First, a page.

U.S. Diplomat Commends Loreto Sisters for Keeping South Sudanese Girls in School

U.S. Ambassador in South Sudan, Thomas Hushek during his visit to the education and health facility of the Loreto Sisters in the Catholc Diocese of Rumbek on February 19, 2020.

The U.S. Ambassador to the world’s youngest nation, South Sudan, Thomas Hushek, during his recent visit to an education and health facility run by members of the Institute for the Blessed Virgin Mary, popularly known as Loreto Sisters, commended the nuns for their work in keeping girls in the troubled country in school.

During the visit Wednesday, February 19, Amb. Hushek toured all projects run by the nuns including the recently launched clinic and malnutrition programme established for mothers and babies, a primary school as well as a girls’ secondary school with boarding facilities in the country’s Catholic Diocese of Rumbek.

Addressing girls at the facility, the U.S. diplomat encouraged the girls to be courageous in the face of discrimination against girls in their country, alluding to the example of his own sisters back in the U.S.

“Growing up in the U.S., I saw a lot of discrimination and limitations placed on women and girls,” Amb. Hushek said and added, “There was no state sports team for the girls so my mother organized a team and my sisters travelled to other states and did very well in sports.”

He added, “Loreto has a nice model for young girls in South Sudan because the girls are taught to be united from various communities.”


Amb. Hushek revealed that the hope of the U.S. for South Sudan is to see young people getting freedom to access education.

He admitted to having heard of Loreto Secondary School when the school’s head, Sr. Treacy Orla got global attention, having been listed among leading women of courage, an award she received last year.

“A year ago, Sr. Orla was nominated for an award and won on behalf of the entire school…I have been wanting to come up here ever since because of the work that is going on here especially focusing on girls’ education,” the U.S. national said.

He added, “Going forward, this is the key to development and peace for the country.”

Further addressing learners at the Loreto Primary School, the American diplomat spoke of his own mother who was herself a Primary school teacher and urged the learners to be coming to school every day, to respect their teachers and to work hard.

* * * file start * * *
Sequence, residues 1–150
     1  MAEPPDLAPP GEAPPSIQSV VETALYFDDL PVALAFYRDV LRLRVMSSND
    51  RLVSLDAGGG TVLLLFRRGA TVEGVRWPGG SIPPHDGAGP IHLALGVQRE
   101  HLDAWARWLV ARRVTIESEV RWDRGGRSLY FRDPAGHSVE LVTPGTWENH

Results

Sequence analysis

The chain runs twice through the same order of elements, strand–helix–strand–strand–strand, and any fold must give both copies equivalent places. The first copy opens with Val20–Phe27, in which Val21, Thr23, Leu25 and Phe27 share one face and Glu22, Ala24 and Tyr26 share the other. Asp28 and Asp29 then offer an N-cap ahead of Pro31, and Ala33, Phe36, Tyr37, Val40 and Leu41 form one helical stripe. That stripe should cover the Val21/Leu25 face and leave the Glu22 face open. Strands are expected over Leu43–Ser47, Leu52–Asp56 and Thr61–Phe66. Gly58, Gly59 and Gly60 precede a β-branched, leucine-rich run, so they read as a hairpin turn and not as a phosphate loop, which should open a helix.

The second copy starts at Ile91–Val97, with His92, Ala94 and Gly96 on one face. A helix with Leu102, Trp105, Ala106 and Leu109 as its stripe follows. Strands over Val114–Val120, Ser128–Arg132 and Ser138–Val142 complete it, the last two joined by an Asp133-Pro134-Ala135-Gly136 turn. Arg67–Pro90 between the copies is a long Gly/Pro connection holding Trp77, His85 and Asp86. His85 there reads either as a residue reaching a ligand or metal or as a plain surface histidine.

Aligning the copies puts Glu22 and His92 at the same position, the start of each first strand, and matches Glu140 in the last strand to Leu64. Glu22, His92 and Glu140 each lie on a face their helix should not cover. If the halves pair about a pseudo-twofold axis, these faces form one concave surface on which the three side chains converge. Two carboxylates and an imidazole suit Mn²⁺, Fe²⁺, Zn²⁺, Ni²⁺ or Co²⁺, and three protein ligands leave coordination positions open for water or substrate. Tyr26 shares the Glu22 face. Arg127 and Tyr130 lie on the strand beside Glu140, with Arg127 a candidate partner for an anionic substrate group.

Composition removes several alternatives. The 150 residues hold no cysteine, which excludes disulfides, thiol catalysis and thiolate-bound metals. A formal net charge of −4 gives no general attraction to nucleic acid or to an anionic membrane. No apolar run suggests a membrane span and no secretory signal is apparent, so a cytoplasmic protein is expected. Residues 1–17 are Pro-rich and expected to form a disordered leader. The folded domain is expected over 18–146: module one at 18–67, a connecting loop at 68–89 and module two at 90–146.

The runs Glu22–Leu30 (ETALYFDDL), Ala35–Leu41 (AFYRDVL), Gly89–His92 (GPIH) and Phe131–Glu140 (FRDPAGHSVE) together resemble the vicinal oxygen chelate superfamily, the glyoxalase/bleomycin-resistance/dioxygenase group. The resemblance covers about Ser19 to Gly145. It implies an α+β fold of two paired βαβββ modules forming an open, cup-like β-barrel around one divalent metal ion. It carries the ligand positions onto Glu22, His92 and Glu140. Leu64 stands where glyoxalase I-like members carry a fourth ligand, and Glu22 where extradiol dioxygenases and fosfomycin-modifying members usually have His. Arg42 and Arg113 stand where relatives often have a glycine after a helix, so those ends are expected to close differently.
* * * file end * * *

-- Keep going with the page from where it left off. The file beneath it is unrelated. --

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Interns at Mary Ward Primary Health Care Clinic, a Loreto health facility that the sisters launched on February 11, also shared their experiences with the U.S. diplomat at the facility.

“In South Sudan, healthcare providers continue to grapple with the challenge of health care versus traditional doctors. Having been enlightened through my internship at this clinic, I feel there is a need for more people in South Sudan to access health education,” an intern at the facility said.

Other interns spoke about the challenge of girl child education and how school has given them the chance to grow and to become people who can help their respective families.

Still, others spoke on the issue of inter clan fighting and how boarding in Loreto has helped to build bridges especially between girls of different tribes in the warring country.

One intern said, “There is peace among us girls because we sit side by side in the classroom regardless of our ethnic differences. It is only unfortunate that our brothers are still out there fighting each other.”


The young graduates talked about the economic challenge and hunger that many families face coupled with discrimination against young educated women in recruitment process.

All spoke of the spirit of overcoming the challenges, having courage and hope and moving forward.

Addressing the audience that included the U.S. diplomat, teachers and students, Sr. Orla acknowledged the struggles that South Sudanese girls who choose to go to school face and the odds they have overcome saying, “We have great hopes and I know the girls are very ambitious for the country of South Sudan.”

“It is not easy for the girls in this country to be here (in school) but they are strong, courageous, ambitious and peaceful women who are looking for a better South Sudan,” she added.

The Irish-born nun who recently warned parents to take girls destined for early marriage elsewhere highlighted the struggles female learners undergo in her institution.

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“All these young women fight a lot to get to school. And they keep fighting to stay in school,” the 47-year-old nun reflected.

Loreto girls’ Secondary school in the Catholic Diocese of Rumbek has been giving support to the girl child including curbing child marriage to ensure the school continues to provide a secure learning environment without the threat of marriage.

Sr. Orla told ACI Africa Friday, February 21 that the girls’ excellence is a result of the unity in diversity experienced at the Rumbek-based institution.

“Our teachers are coming from within the country and from within East Africa as well. We are a very big family and we work hard together,” she said, adding, “I think as a staff and as a community, we have that sense of intercultural living and is something that we are trying to model for the girls. It is that sense of trying to be the mothers and fathers for the girls so that they can lead the way for the next generation.”

Meanwhile, Sr. Orla revealed to ACI Africa about the request made to the U.S. diplomat during his visit, to register the plea of those at the Loreto facility, to Pope Francis to visit the diocese of Rumbek and meet the youth who are battling many odds to make ends meet.

“We took the opportunity of asking the Ambassador to represent to the diplomatic community the request that we would love to welcome the Pope to Rumbek to meet with the youth,” said Sr. Orla in the interview with ACI Africa Friday, February 21.